A large number expressed confidence that Mr. Raisi would significantly lower inflation and unemployment, increase Iran’s trade with other countries, control the pandemic and root out corruption.

Meanwhile, 63 per cent suggested that Iran’s economic situation would be the same, if not better, if there were no return to the agreement and the government continued to pursue a civil nuclear programme. The figure seemed at odds with the 80 per cent who said Iran’s economic situation would improve if Iran and the United States returned to the agreement and both fulfilled their obligations under the deal.

The divergence may be a function of the fact that the poll, unsurprisingly, indicated that Iranians (64.7 per cent) had little trust in the United States living up to its commitments even though they expected the Biden administration to return to the deal (57.9 per cent). As a result, 73.1 per cent of those surveyed said Iran should not make concessions given that world powers would not live up to commitments they make in return.

At the same time, 63 per cent blamed the troubled state of the economy on domestic mismanagement rather than US sanctions. Only 34.4 per cent believed that the sanctions were the main cause of their economic difficulty. Iranians pointing the finger at the government rather than external forces was also reflected in the 60.5 per cent of those polled blaming Iran’s water shortages on mismanagement and bad policies.

The poll suggested that by emphasising domestic mismanagement, Iranians were going to judge Mr. Raisi on his success or failure in countering the debilitating effect of the sanctions even though 77.5 per cent of those surveyed said that the sanctions had a negative or somewhat negative impact on the economy.

Implicitly, Iranians were holding former Iranian President Hassan Rouhani responsible for the mismanagement given that Mr. Raisi only took office in August. Rated very favourable by 61.2 per cent of Iranians surveyed in 2015, Mr. Rouhani’s favorability dropped to 4.6 per cent in the most recent poll. By contrast, the favourable views of Mr. Raisi soared from 38.3 per cent in 2014 to 77 per cent last month. IranPoll and the Center have been conducting annual of surveys since 2014.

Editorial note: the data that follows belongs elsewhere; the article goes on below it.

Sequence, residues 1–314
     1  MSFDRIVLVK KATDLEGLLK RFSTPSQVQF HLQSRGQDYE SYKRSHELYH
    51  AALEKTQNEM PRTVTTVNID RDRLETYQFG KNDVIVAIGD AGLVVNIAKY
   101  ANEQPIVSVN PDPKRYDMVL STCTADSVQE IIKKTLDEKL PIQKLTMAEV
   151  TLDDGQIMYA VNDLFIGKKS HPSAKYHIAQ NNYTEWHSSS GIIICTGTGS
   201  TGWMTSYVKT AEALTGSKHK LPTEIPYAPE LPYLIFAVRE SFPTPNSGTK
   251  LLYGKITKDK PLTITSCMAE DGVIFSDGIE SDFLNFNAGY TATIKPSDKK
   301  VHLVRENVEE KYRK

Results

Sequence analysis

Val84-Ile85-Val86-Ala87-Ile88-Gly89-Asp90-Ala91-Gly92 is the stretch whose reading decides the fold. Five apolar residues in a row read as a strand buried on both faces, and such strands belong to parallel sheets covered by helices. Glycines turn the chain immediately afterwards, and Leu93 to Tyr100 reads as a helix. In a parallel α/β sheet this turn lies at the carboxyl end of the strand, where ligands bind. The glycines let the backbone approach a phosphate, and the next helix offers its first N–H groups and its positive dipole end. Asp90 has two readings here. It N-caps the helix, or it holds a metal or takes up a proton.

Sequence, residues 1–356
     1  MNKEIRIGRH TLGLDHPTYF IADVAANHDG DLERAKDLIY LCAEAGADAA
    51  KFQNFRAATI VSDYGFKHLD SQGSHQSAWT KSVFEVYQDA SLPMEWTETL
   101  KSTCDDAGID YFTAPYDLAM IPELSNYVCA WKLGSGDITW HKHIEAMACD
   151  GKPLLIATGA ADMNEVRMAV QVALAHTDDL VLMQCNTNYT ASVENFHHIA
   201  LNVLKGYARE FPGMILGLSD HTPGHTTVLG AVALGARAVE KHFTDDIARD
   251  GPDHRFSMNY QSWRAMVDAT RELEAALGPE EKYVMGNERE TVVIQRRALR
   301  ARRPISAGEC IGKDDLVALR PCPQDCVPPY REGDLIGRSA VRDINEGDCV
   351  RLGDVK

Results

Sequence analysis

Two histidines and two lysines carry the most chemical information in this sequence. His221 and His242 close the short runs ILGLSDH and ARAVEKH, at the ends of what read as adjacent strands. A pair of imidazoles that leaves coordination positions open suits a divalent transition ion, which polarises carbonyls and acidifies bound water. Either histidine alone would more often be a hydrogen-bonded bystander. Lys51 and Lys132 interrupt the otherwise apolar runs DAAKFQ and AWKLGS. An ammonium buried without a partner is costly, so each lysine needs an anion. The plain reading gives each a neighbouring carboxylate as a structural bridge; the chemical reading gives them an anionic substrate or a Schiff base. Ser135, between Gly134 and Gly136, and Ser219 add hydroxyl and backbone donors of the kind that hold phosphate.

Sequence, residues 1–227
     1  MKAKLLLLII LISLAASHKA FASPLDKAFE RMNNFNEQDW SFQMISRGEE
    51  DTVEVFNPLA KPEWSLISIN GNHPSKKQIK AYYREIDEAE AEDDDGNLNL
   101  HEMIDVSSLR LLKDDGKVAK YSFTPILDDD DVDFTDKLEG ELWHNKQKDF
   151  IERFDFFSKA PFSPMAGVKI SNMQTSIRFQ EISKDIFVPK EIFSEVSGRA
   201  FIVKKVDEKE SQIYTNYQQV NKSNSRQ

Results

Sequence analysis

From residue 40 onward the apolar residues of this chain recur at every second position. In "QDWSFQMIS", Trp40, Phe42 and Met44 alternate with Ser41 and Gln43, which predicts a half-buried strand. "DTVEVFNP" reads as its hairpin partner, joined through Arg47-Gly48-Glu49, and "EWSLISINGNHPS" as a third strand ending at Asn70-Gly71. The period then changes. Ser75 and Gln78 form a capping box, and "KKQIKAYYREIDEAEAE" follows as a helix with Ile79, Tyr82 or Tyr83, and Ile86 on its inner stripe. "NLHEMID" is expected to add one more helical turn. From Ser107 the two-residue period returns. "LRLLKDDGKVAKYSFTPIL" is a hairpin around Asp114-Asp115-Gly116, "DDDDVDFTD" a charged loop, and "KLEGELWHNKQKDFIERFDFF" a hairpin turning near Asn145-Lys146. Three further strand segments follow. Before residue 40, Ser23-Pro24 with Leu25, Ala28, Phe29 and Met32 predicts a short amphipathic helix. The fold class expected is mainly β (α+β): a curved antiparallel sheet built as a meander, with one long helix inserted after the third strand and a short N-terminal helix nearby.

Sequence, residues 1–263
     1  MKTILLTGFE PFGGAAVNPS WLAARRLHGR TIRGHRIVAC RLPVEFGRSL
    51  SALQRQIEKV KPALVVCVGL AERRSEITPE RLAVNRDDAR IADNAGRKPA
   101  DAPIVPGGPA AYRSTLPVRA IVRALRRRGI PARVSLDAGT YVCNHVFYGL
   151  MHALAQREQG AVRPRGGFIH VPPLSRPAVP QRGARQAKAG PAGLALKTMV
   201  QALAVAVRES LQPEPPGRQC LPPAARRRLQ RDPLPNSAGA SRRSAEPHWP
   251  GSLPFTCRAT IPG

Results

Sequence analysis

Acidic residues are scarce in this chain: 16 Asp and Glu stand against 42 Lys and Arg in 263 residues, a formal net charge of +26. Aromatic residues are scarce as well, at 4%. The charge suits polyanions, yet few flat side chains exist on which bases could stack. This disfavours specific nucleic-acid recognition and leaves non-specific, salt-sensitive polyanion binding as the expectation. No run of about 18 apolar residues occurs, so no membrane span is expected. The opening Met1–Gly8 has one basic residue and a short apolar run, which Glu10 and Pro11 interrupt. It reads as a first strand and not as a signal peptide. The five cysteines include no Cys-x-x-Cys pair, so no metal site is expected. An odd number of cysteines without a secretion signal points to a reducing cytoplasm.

Mr. Raisi may have taken pleasure from that but more importantly, the poll implicitly suggested that he does not have much time to produce results before his significant public support starts to wane.

Of those polled, 66.7 per cent expected Mr. Raisi to improve Iran’s international standing, 55.7 per cent said he would be in a better position to negotiate with world powers, and 45.2 per cent predicted that he would enhance Iran’s security. Those expectations may have been to some degree validated in the public’s mind by last month’s acceptance of Iran’s application for membership in the Shanghai Cooperation Organization (SCO) that groups China, Russia, India, Pakistan and several Central Asian states.

The survey results seemed to suggest that ordinary Iranians were framing their message to the United States differently from the assessment of prominent scholars and analysts. The divergence may well be one primarily of timing but nonetheless has implications for policymaking in Washington. The message of the respondents to the poll was one of immediate impact while analysts and scholars appear to be looking at the middle term.